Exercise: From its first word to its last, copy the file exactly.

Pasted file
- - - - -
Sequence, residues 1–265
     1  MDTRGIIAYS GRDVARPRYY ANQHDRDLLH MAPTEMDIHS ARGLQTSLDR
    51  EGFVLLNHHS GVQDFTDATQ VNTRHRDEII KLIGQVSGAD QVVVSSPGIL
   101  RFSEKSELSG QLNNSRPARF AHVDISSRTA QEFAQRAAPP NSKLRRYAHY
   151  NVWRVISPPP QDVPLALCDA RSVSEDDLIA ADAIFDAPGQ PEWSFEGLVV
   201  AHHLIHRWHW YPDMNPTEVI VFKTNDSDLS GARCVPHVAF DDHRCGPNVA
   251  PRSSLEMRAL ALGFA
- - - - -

Sequence, residues 1–265
     1  MDTRGIIAYS GRDVARPRYY ANQHDRDLLH MAPTEMDIHS ARGLQTSLDR
    51  EGFVLLNHHS GVQDFTDATQ VNTRHRDEII KLIGQVSGAD QVVVSSPGIL
   101  RFSEKSELSG QLNNSRPARF AHVDISSRTA QEFAQRAAPP NSKLRRYAHY
   151  NVWRVISPPP QDVPLALCDA RSVSEDDLIA ADAIFDAPGQ PEWSFEGLVV
   201  AHHLIHRWHW YPDMNPTEVI VFKTNDSDLS GARCVPHVAF DDHRCGPNVA
   251  PRSSLEMRAL ALGFA